On Thursday of last week, the voters of Ireland sent waves of discomfort and confusion through the ranks of the EU establishment in Brussels.
They voted a resounding 'no' to the ratification of the treaty which replaced the earlier constitutional treaty, which was rejected by French and Dutch voters.
Well, some will say, it was Friday the 13th after all - so what can you expect but bad news? But it's arguably likely that the same result would have occurred whatever the date of the vote.
The EU bangs on all the time about championing the cause of democracy, the popular vote and the involvement of the electorate in decision-making. It's time for the EU to put its political will where its mouth has been. It's time for it to not only listen to the people, but to be seen to be listening to the people.
Some important lessons need to be drawn from this experience. If the European experiment is to succeed in the long-term, Brussels Eurocrats cannot afford to play disingenuous games with the outcome of this vote by, for example, trying to change the rules of the game after the outcome has been decided.
The first and most obvious lessons is this: people should not be expected to vote for something which they do not understand and which has not been explained to them. It amazes me that the doubtless intelligent people who fill positions within the EU Council and Parliament cannot grasp that European citizens are themselves intelligent people who won't simply 'take their medicine' when it is offered.
This treaty was, of course, the EU's second-best option to begin with. This so-called "amending treaty" replaced the relatively clear language of the draft constitution - which was a huge volume - with all kinds of tangled legalese that even lawyers, apparently, have had trouble understanding.
The fact that Ireland's leaders did not explain the treaty's contents to their people may be a result of the fact that they didn't understand themselves. Or, if one wants to read a more sinister motive into this, because they did understand them and felt the people would like the treaty even less if it were explained to them.
Secondly, once and for all Eurocrats must learn that there is no place for arrogance in a democracy. Again, this vote reveals the huge chasm that exists between Brussels and the citizens of Europe; citizens the EU machine is meant to represent and serve.
And when the interests of the elected do not match those of the electors, it is the former who must shift position!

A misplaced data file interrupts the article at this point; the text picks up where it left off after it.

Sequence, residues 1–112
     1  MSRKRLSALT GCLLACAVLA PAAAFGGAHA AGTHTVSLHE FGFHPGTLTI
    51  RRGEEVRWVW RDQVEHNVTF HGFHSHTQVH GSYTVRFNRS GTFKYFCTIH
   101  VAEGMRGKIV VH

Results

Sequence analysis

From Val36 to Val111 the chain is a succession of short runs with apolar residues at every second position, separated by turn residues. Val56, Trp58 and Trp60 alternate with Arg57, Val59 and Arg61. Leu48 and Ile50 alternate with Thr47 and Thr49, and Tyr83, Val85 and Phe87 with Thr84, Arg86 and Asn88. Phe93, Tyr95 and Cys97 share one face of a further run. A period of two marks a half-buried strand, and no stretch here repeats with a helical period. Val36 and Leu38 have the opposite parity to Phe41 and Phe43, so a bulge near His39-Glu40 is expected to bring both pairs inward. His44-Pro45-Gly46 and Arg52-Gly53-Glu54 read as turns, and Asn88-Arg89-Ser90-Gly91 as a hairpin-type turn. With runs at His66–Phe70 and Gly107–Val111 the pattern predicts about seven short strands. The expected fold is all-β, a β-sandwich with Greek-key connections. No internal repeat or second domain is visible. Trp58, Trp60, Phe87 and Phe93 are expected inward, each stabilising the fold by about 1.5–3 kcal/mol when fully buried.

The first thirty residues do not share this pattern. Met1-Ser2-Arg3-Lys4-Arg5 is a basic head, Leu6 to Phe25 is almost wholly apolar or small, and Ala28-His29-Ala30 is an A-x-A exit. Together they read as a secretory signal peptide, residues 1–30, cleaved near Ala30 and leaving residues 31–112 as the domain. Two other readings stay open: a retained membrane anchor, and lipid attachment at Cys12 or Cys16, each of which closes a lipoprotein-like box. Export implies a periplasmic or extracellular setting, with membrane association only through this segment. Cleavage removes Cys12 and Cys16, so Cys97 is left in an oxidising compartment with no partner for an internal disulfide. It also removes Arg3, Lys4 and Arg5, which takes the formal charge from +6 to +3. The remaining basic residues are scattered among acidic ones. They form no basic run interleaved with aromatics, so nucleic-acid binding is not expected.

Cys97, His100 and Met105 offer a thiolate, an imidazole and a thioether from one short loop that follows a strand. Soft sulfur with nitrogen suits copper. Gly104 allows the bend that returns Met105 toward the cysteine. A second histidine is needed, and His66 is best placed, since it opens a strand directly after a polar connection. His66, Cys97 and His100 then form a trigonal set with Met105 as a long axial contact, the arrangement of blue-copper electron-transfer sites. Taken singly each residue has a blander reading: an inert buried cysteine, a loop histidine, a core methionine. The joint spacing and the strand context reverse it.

Europe has achieved much in its first 50 years of existence - not least the peace it has brought and the greater opportunities for trade and wealth creation. However, the structure of the EU is still evolving and in the decades ahead, the biggest question for the 'New Europe' will be whether it moves closer to becoming a super-state, a United States of Europe, or remains a confederation of true nation-states.
The voters must be engaged at every step in this process.
Europe's politicos must now decide whether to truly heed the voice of the voters, or to continue to try to foist upon the people something the people clearly don't want. Only the French and Dutch had the chance to vote on the constitution last time, because EU law stated that every member state must approve it.
These two groups - groups with a great deal already invested in the development of the EU - rejected it out of hand. And there's a good chance that other groups in Europe would have rejected the same treaty if given the chance to vote on it - in Britain for example.
Instead of abiding by the rules and declaring the constitution a dead issue and going back to the drawing board, the EU cynically took the plate back to the kitchen and simply rearranged the food before bringing it out once more.
Let's hope that Europe's political leaders will this time act like leaders and, having heard from their electorate - not once, but three times now - take defeat as an opportunity to reflect, focus and re-appraise their goals for the Union.
They must ensure that their plans for Europe are not out of step with the will of the people.